We are excited to invite you to a hands-on augmented, virtual, and mixed reality (XR) prototyping course this year at CHI 2021. XR technologies are starting to disrupt our everyday experiences and they are playing an increasingly important role in interaction design. This course is brought to you by Mark Billinghurst and Michael Nebeling as your instructors. Join us to learn more about methods and tools for rapidly prototyping XR experiences, and ways of incorporating XR design activities into existing courses, workshops, and student design jams! The course will introduce you to state-of-the-art XR prototyping techniques developed in research and industry.
Below is an example of Michael’s research on ProtoAR:
In this course, participants will learn how to use a wide array of non-programming tools for rapid prototyping of XR experiences. These will range from physical prototyping tools including paper templates for sketching out XR experiences in 360 degrees around the user, to web-based drag-and-drop applications with rapid previews on XR devices, to immersive authoring tools which can be used for creating 3D interface mockups from within AR or VR, and others. Prototyping methods for a variety of different XR display devices will also be covered, including hand-held devices, head-mounted displays, and projection-based systems.
The course has two major learning outcomes. First, participants will be introduced to a comprehensive set of methods for both physical and digital prototyping. Second, participants will learn about different types of tools, their requirements in terms of technical skills, and their supported level of fidelity. The methods and tools will be taught hands-on, allowing course participants to design, test, and critique prototypes throughout the course. We anticipate a hybrid format where co-located course participants can work in teams and remote participants can join via Zoom and complete the hands-on portions individually but still coordinate with their teams in break-out rooms. The course will provide a forum for participants to come together to see each of the prototypes, ask questions, and provide feedback. Participants will learn to formulate critiques and reflect on their own experience using the “I like, I wish, What if” method.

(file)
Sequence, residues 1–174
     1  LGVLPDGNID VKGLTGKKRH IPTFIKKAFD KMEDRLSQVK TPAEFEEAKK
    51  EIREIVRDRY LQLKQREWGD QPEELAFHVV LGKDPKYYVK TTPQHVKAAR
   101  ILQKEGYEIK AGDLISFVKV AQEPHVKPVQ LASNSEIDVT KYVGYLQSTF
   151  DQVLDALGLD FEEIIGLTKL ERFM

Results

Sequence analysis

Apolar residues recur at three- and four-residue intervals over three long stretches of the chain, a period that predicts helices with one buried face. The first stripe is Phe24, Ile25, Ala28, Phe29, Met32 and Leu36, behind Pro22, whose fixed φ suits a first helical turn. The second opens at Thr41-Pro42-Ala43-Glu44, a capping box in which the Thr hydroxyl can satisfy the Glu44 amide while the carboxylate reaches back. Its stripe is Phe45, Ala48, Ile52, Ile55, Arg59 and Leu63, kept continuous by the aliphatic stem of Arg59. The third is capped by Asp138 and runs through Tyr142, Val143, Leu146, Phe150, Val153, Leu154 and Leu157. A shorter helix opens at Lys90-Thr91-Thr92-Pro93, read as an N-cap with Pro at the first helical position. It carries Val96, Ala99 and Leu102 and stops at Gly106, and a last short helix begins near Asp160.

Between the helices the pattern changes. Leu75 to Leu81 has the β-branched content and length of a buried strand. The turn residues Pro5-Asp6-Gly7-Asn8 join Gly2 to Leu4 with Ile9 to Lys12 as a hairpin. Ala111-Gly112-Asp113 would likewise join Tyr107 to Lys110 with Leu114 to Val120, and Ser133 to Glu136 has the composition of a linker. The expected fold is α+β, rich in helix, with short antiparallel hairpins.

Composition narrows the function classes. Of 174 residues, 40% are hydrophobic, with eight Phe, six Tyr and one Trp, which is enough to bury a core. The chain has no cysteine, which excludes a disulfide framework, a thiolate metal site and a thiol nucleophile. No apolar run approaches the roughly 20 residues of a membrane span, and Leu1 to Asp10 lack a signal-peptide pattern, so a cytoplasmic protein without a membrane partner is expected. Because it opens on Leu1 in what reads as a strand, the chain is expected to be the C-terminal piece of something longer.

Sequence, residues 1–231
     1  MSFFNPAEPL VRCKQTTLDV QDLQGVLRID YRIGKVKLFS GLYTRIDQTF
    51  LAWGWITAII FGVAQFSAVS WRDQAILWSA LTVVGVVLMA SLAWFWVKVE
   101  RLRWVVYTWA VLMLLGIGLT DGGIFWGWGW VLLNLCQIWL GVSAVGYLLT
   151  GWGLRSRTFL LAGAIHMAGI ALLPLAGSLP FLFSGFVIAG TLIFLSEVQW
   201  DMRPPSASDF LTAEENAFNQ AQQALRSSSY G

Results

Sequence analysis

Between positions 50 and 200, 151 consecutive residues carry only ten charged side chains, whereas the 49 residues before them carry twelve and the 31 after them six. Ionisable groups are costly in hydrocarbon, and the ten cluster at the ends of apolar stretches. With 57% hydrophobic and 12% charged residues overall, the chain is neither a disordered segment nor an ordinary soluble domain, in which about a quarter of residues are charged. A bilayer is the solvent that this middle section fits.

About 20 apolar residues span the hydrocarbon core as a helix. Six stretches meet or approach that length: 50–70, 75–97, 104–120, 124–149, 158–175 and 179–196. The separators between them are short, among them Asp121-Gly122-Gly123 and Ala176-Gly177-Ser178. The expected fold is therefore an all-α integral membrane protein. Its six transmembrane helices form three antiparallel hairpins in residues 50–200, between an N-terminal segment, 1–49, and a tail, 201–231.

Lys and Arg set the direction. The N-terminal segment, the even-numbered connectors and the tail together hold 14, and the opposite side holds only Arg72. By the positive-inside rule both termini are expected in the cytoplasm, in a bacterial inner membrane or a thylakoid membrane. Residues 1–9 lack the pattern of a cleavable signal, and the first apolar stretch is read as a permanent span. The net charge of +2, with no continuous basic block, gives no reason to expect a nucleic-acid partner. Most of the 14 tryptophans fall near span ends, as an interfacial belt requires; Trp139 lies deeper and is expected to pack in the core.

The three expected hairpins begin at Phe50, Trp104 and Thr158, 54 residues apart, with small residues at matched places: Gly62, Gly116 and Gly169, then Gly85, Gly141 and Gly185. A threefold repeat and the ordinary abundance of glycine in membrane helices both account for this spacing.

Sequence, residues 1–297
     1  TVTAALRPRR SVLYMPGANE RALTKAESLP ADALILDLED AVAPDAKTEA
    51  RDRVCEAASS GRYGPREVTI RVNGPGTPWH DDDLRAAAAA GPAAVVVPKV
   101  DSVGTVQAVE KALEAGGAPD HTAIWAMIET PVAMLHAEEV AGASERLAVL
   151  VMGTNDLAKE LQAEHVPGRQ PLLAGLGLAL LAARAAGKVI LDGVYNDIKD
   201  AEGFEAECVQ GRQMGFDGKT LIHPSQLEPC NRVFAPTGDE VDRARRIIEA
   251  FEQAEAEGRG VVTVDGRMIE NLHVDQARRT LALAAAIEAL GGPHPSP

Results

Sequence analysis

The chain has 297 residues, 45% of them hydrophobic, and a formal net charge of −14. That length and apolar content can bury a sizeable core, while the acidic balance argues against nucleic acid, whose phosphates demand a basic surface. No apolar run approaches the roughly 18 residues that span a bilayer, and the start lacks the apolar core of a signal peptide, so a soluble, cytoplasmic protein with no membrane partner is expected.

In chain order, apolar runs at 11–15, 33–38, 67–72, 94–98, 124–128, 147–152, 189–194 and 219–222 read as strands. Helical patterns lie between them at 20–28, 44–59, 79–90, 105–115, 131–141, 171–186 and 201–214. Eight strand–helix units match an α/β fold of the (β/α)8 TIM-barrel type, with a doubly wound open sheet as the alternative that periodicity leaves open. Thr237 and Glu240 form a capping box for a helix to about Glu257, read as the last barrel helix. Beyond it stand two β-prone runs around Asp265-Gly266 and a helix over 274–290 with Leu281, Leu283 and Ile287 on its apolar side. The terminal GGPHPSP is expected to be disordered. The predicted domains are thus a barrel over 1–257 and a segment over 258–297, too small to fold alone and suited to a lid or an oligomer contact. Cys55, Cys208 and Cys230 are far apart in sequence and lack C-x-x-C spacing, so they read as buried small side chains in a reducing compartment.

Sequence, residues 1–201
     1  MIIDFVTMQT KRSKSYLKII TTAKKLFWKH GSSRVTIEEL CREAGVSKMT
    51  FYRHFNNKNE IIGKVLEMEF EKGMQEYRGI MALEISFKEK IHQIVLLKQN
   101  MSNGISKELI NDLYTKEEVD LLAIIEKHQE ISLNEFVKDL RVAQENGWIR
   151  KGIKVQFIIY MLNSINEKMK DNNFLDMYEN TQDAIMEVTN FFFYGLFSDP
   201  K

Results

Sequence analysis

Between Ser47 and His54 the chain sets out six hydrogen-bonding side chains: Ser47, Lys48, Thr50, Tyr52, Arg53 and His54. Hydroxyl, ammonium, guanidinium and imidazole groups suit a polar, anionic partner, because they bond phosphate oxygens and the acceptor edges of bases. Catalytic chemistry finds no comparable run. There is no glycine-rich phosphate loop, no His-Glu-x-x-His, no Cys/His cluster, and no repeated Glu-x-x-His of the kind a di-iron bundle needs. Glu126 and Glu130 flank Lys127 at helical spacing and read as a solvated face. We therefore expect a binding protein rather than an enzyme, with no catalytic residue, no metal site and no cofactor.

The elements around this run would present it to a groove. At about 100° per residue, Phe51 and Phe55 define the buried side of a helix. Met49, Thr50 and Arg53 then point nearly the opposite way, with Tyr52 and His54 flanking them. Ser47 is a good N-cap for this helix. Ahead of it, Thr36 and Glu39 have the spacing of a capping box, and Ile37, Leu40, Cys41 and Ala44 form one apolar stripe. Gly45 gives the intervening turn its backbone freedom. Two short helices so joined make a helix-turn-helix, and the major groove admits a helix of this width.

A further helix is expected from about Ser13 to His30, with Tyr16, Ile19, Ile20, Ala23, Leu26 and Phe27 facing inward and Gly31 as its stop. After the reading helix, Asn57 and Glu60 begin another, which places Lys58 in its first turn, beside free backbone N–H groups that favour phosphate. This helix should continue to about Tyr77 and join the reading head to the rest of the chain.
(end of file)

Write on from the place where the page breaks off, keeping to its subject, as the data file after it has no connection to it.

The main reason for CHI attendees to take this course will be to get to know and practice some easy-to-learn and apply prototyping techniques for XR experiences. Some of the techniques were developed by the instructors through research and teaching in HCI and interaction design courses. Those who teach similar courses and design workshops, and are interested in adding practical, hands-on XR portions to their instruction, will especially benefit from the course. The instructors will not only teach the materials, but also share them and provide participants with access to tools so that they could give a similar course in the future.
The intended audience are those people who are interested in XR and in creating XR experiences, but don’t necessarily have a strong programming or engineering background. This includes not only XR researchers and designers, but also HCI practitioners, and user experience and interaction design professionals in industry, as well as students who have an interest in rapid prototyping for mixed reality. The course is suitable for people with no particular programming or design experience. The techniques taught are tried-and-tested with teams of 4-5 and audiences of up to 40 participants. There is no assumed background, although attendees should bring their own laptops to the course, and there will be links provided ahead of time to tools that can be downloaded to be used during the course.
The course is designed for non-technical audiences. Participants with basic knowledge in HCI, user experience, and interaction design will find the contents of this course accessible. There is no need for programming. However, for more advanced participants, the instructors will also be able to share tips and resources, including information on how the techniques could be incorporated with advanced XR development workflows with tools like Unity or Unreal.